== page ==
Online gaming is a huge part of many children’s lives. It’s a great way for them to be entertained, creative and connect with friends, especially as we’re coming into the winter months and spend more time indoors.
As the country marks Black History Month, it is a good time for parents and carers to start conversations with their children about race, diversity and inclusivity.
At the weekend we marked World Mental Health Day and this year’s theme was “mental health for all”, which seemed particularly pertinent with the adverse impact of the Coronavirus pandemic on so many.
At NSPCC Scotland we have continued to be here for children throughout this pandemic.
Last year, Childline held almost 200 counselling sessions with children and young people in Scotland about child sexual exploitation.
We’re all spending more time online at the moment.
We know that as children and young people develop and grow through their teens, it’s natural that they will become curious about topics such as relationships and sex.
North-east charity manager ‘deeply concerned’ over vulnerable children abused or neglected in their homes
We know that the shockwaves of the coronavirus pandemic have been difficult for many people in different ways, and we want to make it clear that as we move from crisis to recovery, we’re still here for children.
As a volunteer for the NSPCC’s Childline service, I have seen first-hand how lockdown has impacted a generation of children.
A north-east woman is to take on her own version of the kiltwalk this weekend to raise money for NSPCC Scotland.
The Countess of Wessex has told how her children are not yet gripped by social media, but she is ready to help them navigate the sometimes “unkind” virtual world.
Usually during August as primary school children return to full time education in Scotland, in the schools service team we are busy preparing for the visits we will make over the coming academic year.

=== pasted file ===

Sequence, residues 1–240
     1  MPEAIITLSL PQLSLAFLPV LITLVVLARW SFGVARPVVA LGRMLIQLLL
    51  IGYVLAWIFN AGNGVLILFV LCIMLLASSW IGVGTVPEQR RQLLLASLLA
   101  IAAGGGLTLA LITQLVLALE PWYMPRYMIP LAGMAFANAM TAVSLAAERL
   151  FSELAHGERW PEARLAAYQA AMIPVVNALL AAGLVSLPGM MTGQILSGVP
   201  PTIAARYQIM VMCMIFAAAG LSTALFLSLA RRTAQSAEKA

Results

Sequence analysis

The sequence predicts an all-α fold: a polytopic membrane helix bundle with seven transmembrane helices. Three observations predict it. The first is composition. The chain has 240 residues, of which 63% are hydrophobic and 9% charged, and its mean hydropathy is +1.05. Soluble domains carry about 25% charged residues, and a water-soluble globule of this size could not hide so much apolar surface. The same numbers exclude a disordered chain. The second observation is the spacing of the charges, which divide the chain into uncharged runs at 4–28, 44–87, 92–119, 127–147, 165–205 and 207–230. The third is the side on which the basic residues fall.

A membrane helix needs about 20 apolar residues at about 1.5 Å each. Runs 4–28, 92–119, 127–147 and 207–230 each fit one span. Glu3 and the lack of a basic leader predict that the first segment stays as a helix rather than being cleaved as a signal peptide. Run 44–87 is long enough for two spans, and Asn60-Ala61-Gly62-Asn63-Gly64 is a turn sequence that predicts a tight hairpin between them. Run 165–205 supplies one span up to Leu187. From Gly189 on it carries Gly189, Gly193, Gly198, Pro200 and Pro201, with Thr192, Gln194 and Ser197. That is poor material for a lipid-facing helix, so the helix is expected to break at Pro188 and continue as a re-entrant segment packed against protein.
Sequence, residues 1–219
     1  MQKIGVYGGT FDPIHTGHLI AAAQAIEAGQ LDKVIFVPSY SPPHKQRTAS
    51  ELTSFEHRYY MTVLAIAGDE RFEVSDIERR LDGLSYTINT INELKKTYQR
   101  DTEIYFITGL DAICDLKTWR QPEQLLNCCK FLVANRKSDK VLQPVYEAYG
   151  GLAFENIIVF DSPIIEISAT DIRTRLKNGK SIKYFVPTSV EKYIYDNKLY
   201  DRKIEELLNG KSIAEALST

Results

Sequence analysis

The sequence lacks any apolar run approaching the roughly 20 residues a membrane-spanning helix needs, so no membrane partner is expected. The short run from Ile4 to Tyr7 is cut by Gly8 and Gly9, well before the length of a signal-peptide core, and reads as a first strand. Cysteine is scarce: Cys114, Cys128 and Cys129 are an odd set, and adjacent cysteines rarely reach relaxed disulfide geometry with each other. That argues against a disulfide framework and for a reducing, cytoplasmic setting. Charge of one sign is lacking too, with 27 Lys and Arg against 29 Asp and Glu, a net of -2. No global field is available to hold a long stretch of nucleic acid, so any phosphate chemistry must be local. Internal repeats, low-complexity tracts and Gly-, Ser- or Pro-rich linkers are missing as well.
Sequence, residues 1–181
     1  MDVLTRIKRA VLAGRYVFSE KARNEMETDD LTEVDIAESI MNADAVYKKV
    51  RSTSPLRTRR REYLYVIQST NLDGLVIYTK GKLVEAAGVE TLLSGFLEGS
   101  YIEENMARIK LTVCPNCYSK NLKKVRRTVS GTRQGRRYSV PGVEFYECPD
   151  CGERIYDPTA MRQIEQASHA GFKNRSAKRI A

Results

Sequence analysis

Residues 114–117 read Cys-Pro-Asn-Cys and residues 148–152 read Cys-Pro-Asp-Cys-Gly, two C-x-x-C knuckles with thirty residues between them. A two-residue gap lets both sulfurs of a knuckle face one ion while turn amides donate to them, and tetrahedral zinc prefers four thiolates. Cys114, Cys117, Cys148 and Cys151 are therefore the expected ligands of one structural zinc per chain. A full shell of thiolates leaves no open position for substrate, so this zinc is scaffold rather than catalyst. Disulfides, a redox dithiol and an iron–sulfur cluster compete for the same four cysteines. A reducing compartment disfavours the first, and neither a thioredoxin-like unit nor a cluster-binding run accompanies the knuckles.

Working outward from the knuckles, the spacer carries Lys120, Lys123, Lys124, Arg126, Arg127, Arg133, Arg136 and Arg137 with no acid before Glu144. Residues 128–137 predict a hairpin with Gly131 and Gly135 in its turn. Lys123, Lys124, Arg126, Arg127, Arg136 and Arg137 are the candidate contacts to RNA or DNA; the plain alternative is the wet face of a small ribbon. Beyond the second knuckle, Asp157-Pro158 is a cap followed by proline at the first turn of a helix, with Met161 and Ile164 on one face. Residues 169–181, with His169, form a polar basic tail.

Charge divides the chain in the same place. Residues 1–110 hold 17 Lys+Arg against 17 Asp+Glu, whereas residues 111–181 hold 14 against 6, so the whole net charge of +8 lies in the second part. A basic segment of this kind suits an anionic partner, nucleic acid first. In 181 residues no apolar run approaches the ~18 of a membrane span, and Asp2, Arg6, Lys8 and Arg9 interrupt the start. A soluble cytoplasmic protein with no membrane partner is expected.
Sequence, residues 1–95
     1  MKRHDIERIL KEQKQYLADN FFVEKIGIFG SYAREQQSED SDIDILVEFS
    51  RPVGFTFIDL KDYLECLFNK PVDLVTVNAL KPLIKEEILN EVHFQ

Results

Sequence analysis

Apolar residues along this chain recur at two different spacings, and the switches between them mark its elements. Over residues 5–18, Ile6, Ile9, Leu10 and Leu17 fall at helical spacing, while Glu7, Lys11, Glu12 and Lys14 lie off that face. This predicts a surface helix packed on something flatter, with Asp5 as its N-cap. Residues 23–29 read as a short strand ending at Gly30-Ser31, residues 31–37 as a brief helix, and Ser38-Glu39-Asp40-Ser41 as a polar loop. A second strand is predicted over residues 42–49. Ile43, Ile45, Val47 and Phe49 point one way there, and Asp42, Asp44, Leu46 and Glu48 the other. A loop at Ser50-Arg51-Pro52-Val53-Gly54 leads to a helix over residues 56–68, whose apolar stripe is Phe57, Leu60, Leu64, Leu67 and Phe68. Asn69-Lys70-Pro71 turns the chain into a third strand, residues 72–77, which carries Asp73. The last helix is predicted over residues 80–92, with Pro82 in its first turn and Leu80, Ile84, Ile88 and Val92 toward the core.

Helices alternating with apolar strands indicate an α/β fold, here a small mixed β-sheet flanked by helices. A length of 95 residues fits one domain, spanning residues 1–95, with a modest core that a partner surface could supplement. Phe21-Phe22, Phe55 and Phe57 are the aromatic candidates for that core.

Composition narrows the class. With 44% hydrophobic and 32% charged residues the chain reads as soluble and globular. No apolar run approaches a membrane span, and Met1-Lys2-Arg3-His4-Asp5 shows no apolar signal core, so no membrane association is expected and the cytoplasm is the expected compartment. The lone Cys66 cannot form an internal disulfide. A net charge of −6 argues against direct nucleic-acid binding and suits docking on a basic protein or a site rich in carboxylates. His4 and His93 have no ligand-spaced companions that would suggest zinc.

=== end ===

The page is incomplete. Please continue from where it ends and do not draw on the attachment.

We know that going back to school after the long summer break can make many children feel anxious, and that is even more likely this year with them having spent months away from school and having lived through lockdown.
For many young people, receiving exam results can be a stressful time.
Tens of thousands of pupils will find out their exam grades on Tuesday as results are published amid a row over how they have been reached during lockdown.
From a very early age, we talk to our children about topics that make them aware of safety, such as crossing the road and dealing with strangers.
In more than a third of the counselling sessions we have held with children in Scotland over the past few months, we have heard about struggles with mental and emotional health.
Our supporters across Aberdeen have done an amazing job of finding new and creative ways during lockdown to help us still be there for children.
Looking after children can be hard at the best of times, and even more so at the moment as people feel the effects of the Coronavirus pandemic on their lives.
Over the past couple of months, Childline has been providing a crucial safety net for children throughout the country as they have been cut off and isolated from the outside world.
An Aberdeen Childline volunteer has cycled almost 900 miles to raise money for the charity.
She intended to complete the event dressed as “Pantosaurus” – a large yellow dinosaur which fronts an NSPCC awareness-raising campaign about sexual abuse.
Children in Aberdeen have been counselled by Childline as demand for the service increases amid the coronavirus outbreak.
The Aberdeen base for a major children’s charity has been given a funding boost.
A popular Aberdeen park is to host an open day this weekend to raise funds for charity.
Counsellors at a leading children’s charity are calling on north-east youngsters who are worried about exam results to get in touch.
A child protection charity has issued an urgent appeal for volunteers.
Children's charity the NSPCC is urging youngsters not to suffer in silence over the holidays.
More than 500 counselling sessions have been carried out in Aberdeen to support young people during exam seasons.
The Aberdeen branch of Childline began in 2004, with Norman starting as a volunteer office administrator at the age of 85